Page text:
“Now they’re deporting her.” These words – trending on Twitter on Thursday morning – could apply to countless immigrants, but in this case, they tell the story of Guadalupe García de Rayos. On Wednesday, she headed to the federal Immigration and Customs Enforcement office in Phoenix – as she had done for the last eight years – to check in. Instead, ICE agents arrested her, and began the procedure to send her back to Mexico, a country she has not resided in for more than 20 years, the New York Times reports.
On December 16, 2008, Joe Arpaio – the then-sheriff known for his hardline stance on immigration – ordered a raid at the Golfland Sunsplash in Mesa. Rayos gained employment through a fake Social Security number; officials arrested her on suspicion of identity theft and using forged documents. Ever since then, ICE has required her to check in every six months for short meetings pertaining to her case.
This year, Lupita went in fearing what could happen under our new leadership. Shortly after taking office, President Donald Trump expanded the definition of “criminal alien,” taking it from undocumented immigrants who posed a threat to public or national safety, had ties to criminal gangs, or had committed either a series of minor crimes or felonies to a term that now encompasses a wider range of people. Executive Director of Puente Carlos Garcia advised her to skip her appointment this year, and instead seek protection in a church. (A 2011 memo from the department states that enforcement actions – arrests, interviews, searches, and surveillance – should not occur at sensitive locations, which includes hospitals, churches, and schools.) But she decided to take her chances.
When ICE arrested her on Wednesday, protesters waited outside. As a van carrying her attempted to leave, her two US-born children and their supporters physically blocked the van. Manuel Saldaña put his body on the line and kept the van from moving after he tied himself to one of the front wheels. “I’m going to stay here as long as it takes,” he said.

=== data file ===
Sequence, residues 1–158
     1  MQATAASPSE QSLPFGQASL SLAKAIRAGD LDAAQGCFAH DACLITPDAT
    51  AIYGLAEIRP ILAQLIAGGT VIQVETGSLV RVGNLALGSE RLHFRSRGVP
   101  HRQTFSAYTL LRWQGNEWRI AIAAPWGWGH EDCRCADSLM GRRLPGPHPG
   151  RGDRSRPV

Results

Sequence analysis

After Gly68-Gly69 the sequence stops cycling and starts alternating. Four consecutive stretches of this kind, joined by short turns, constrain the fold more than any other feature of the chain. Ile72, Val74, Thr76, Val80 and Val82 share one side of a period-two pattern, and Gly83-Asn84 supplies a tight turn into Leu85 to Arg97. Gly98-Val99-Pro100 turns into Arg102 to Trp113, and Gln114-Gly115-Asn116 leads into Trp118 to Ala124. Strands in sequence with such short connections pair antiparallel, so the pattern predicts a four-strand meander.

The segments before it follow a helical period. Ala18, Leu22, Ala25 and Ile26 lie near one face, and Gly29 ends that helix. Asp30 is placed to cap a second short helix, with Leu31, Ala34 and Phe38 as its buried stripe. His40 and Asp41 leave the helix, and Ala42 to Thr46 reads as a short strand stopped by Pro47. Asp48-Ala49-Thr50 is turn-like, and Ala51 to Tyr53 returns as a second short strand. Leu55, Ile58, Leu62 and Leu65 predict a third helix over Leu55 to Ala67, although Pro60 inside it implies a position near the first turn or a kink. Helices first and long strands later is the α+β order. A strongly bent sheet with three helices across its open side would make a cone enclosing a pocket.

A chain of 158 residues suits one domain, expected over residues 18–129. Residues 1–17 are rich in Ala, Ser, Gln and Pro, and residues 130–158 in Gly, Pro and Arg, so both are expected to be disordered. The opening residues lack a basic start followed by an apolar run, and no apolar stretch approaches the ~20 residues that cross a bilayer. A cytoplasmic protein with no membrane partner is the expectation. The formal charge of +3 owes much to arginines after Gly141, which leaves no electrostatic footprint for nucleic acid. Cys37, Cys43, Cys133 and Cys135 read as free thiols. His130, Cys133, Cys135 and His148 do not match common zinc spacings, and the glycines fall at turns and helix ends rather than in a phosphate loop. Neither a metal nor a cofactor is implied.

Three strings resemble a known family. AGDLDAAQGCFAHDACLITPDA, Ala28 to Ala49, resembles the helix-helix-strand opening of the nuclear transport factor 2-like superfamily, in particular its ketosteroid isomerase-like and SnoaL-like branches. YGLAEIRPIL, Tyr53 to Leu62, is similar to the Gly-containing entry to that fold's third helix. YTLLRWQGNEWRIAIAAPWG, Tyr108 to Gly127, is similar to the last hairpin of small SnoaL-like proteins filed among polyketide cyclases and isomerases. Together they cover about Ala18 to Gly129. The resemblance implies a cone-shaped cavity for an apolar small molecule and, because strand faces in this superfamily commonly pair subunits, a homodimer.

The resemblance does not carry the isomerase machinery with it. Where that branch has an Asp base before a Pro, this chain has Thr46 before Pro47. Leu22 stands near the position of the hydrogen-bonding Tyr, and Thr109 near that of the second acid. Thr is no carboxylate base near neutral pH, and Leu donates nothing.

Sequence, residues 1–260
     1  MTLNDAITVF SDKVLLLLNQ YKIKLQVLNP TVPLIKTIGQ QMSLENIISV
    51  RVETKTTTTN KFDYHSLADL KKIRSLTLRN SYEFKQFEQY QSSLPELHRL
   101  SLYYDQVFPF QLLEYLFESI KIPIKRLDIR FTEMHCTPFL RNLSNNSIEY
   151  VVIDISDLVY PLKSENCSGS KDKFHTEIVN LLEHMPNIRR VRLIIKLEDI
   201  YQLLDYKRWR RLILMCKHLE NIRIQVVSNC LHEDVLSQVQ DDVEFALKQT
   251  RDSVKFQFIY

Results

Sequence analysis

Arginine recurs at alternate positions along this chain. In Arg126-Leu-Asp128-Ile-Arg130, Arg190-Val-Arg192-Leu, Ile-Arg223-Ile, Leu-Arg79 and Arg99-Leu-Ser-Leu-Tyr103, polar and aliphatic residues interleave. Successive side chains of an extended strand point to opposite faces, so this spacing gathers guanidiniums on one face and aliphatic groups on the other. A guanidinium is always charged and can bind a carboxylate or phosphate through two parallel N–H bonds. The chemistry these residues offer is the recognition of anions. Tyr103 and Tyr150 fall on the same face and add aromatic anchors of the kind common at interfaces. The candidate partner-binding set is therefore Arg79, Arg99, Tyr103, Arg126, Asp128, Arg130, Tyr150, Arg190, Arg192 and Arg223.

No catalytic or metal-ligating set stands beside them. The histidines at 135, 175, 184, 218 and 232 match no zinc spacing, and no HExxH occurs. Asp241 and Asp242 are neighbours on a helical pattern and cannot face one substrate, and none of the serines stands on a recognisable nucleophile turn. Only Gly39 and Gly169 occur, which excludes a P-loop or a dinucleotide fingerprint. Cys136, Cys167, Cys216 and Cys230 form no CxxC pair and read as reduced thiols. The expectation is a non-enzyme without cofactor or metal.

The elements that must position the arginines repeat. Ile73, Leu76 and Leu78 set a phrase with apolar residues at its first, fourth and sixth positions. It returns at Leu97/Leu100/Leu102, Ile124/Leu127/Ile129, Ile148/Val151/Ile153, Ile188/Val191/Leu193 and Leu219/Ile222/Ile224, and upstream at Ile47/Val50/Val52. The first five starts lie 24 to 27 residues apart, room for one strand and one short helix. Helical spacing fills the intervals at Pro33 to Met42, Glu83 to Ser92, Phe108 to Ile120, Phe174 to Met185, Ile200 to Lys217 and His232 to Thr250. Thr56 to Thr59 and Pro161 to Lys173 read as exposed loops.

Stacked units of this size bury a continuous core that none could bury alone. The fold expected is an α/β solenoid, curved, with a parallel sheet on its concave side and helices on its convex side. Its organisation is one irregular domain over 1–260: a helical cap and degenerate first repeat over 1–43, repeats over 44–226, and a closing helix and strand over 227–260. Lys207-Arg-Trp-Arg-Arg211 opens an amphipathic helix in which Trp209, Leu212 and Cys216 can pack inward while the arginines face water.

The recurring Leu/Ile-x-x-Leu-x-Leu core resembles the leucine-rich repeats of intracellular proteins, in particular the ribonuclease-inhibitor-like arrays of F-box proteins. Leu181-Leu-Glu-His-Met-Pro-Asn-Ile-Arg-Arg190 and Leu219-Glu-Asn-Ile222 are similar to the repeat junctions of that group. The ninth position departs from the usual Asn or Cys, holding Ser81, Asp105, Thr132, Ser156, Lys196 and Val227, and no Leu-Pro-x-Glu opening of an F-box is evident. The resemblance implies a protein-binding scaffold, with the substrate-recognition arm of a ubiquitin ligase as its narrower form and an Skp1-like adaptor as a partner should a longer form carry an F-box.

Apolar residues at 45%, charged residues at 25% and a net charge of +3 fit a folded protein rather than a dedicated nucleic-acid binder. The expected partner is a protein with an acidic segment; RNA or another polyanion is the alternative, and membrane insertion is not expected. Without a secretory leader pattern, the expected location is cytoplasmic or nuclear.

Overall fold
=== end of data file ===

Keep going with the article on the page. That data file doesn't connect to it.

As protestors surrounded the car and held signs urging ICE not to breakup families, they shouted “liberation, not deportation.” Her son looked into the window to see his mom, whose face was partly obscured. He still remembers the first time ICE arrested her. “I was in second grade,” he said. “I never forgot that night, and I’ve lived in fear of losing my mother every night since then.”
Eventually, police officers arrived and arrested seven people blocking the car, including Saldaña. The van went in reverse back into the building. The NYT notes that it isn’t clear if the van intended to take Lupita – and the other undocumented immigrants in the van – to detention or back to Mexico. By midnight, her family didn’t know her whereabouts, but they suspected that she sat inside a police-escorted car that exited the ICE office after the breakup of the protest.
ICE spokeswoman Yasmeen Pitts O’Keefe said García “is currently being detained by US Immigration and Customs Enforcement based on removal order issued by the Department of Justice’s Executive Office for Immigration Review.” Meanwhile, Lupita’s lawyer, Ray A. Ybarra Maldonado, is working to delay or stop her deportation. The fight isn’t over. Today Arizona activists will meet to plan their next move. But Wednesday’s fight showed that this is potentially an example of what’s to come for activists in the Trump era.
As some celebrate the tightening of immigration laws in the United States, other wonder if there isn’t more pertinent issues the Trump Administration could be handling:
Update, February 9 at 1:10 p.m.: Lupita was deported to Nogales, Sonora.